Guest Op-Ed: Protecting Pedestrians, Our Most Vulnerable Road Users
February 11, 2022|David Schwebel, Ph.D, Associate Vice President for Research Facilities and Infrastructure, Office of Research, The University of Alabama at Birmingham
Our roads are filled with all kinds of users. We see trucks and cars, of course. We also see motorcycles, bicycles, and increasing numbers of e-bikes and scooters. But since the earliest days of transportation, one type of road user is oft forgotten: the pedestrian.
Most every trip starts and ends with a walk. Many of us walk from the front door to our driveway, or from parking lots to markets. Others walk from home to subway stations and bus stops. At some point in our days and weeks, nearly all of us engage with traffic as pedestrians. Pedestrians are among the roadway’s most vulnerable users. Stated bluntly, they are without the protection of a big metal vehicle. Thus, when struck by a two-ton vehicle in a crash, pedestrian injuries are serious.
Our country’s pedestrian mortality rates are rapidly increasing. CDC data reports that 6,681 American pedestrians were killed in 2019, 63 percent more than 10 years earlier. This isn’t a new problem. Over a century ago, William Phelps Eno grasped the plight of pedestrians, pioneering ideas like safety islands, crosswalks, and traffic speed enforcement. We must honor Eno’s legacy and continue to innovate in order to stop the pattern of increasing deaths.
To save our pedestrians, we must first understand who is being killed and why they are being killed. Certain types of pedestrians are especially vulnerable on the roadway. Children lack the cognitive sophistication of adults and therefore make mistakes on roadways. Disabled and elderly individuals may face diminished speed or agility, creating longer exposure when crossing the street. Drunk and drugged pedestrians suffer disproportionately also, having diminished judgment to protect themselves.
As to why pedestrians are being killed, multiple factors simultaneously contribute. First, vehicle designs have changed. Taller vehicles like SUVs, minivans, and trucks offer safety benefits to their passengers, but can be deadly to pedestrians, both because trucks and SUVs have dangerous blind spots in front of their hood and given the gruesome physics of taller vehicles striking bodies differently than traditional cars. Second, more people are walking. Public health campaigns to encourage walking and running have flourished, creating opportunities for better health outcomes but also placing more pedestrians at risk of crashes through simple numerical increases in exposure to traffic. Third, both pedestrians and drivers are distracted by omnipresent smartphones. Without eyes, ears, and brains on the road, crashes occur.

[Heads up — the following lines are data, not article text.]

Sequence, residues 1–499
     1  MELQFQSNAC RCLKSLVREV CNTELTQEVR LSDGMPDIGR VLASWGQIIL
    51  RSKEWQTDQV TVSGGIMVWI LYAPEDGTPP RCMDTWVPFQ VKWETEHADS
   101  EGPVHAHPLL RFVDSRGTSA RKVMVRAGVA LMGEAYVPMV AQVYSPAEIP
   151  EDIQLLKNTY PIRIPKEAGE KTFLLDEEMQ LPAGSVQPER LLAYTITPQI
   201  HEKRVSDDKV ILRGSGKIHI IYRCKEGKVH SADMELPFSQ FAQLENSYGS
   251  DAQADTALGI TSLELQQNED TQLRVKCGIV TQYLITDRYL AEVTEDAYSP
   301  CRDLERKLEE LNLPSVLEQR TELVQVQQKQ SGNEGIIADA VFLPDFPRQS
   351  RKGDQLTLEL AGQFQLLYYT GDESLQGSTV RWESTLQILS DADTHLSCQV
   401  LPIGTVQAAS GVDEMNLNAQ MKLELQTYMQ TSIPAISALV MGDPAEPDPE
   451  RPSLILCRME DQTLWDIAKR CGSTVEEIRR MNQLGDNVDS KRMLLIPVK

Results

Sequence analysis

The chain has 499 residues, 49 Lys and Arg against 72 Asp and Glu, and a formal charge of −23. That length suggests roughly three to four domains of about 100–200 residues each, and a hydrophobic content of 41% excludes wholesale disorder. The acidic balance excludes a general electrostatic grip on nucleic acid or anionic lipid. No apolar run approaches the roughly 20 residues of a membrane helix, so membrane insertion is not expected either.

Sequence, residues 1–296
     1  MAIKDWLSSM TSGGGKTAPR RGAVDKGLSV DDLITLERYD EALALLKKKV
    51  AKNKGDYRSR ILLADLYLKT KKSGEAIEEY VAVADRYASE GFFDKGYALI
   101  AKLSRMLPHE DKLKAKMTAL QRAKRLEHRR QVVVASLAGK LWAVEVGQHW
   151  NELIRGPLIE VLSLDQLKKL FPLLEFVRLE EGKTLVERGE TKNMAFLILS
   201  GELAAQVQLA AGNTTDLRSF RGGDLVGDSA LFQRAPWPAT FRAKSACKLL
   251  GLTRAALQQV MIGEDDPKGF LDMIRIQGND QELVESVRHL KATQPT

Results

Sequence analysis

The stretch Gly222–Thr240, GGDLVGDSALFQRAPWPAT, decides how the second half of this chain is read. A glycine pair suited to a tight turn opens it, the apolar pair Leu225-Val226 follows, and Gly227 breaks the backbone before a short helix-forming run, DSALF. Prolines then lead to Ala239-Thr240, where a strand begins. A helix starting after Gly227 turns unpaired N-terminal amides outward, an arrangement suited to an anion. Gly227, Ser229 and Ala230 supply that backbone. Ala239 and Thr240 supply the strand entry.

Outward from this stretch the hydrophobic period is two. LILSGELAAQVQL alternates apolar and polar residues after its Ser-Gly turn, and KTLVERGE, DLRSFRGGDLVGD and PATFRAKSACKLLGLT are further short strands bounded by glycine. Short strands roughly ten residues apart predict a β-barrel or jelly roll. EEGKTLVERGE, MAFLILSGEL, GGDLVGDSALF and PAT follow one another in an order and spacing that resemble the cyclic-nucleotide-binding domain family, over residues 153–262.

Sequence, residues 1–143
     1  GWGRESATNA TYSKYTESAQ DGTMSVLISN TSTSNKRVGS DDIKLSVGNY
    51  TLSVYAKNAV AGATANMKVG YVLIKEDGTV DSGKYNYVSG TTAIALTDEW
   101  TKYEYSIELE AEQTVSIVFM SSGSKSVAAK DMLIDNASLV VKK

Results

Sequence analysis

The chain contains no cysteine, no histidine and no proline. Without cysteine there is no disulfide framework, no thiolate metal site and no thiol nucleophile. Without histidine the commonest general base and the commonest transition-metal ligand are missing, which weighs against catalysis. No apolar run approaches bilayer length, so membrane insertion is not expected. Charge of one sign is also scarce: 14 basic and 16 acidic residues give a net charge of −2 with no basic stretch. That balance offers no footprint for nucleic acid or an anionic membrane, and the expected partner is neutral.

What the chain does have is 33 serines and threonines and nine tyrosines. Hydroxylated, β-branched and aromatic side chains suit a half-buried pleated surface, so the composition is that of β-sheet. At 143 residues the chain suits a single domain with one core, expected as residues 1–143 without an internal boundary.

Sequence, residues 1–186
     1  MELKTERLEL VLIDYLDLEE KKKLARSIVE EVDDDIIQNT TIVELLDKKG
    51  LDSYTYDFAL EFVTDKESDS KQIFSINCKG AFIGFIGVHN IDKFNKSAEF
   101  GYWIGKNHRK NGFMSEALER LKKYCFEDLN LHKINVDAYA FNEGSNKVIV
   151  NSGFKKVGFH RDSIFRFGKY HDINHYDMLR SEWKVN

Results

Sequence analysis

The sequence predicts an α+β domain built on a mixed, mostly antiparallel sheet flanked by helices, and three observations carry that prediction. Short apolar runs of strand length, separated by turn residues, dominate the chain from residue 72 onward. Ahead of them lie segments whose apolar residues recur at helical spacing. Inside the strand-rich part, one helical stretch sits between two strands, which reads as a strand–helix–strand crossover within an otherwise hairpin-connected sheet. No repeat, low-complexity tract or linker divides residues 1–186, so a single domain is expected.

Has COVID changed this? It seems doubtful. Many sources show that driving speeds increased during the pandemic, including my own research examining the issue in Ohio. Others suggest pedestrian engagement increased in many (but not all) cases. Habits persist, and our post-COVID world seems likely to retain fast driving and community walking habits.
In the short-term, policy and practice must address the challenges of pedestrians sharing roads with vehicles. Traffic engineering and roadway designs must separate pedestrians from vehicles wherever possible, especially when the vehicles might travel quickly. Barriers segregating traffic from pedestrians, common in many Asian countries, are rarely seen in the United States. Pedestrian bridges over roadways, or tunnels under them, also safely separate vulnerable pedestrians from deadly vehicles and are much more common abroad.
Looking toward the future, we must also consider how automated vehicles interact with pedestrians. As exemplified by the 2018 fatal pedestrian crash with an autonomous vehicle in Phoenix, a long-term concern is the engineering of self-driving vehicles. Will they recognize and avert children, who are shorter, more impulsive, and less predictable near roadways compared to adults? Will they safely handle disabled pedestrians using wheelchairs, walkers, or crutches? Can they be programmed to negotiate the unpredictability of intoxicated pedestrians who may stumble, change directions, or even inexplicably stop on roadways? Legislation guiding the engineering and development of automated vehicles to negotiate the behavior of our roadways’ varied pedestrians is needed now to protect the pedestrians of our future.
I’ll conclude optimistically. The presence of pedestrians on our roadways is positive. Americans should enjoy and appreciate the outdoors. Strolls through urban landscapes to admire natural beauty, historical architecture, and the sights, sounds and smells of our neighborhoods are healthy experiences; such habits keep us healthier in body and spirit, and they build community.
But regular walking on our roadways will only emerge if pedestrians feel safe. And safety relies on the right decisions by policymakers, public health advocates, and relevant stakeholders. We must work together to reverse the disturbing trend of pedestrian mortality in our country and assure safety for all road users.
The views expressed above are those of the author and do not necessarily reflect the views of the Eno Center for Transportation.
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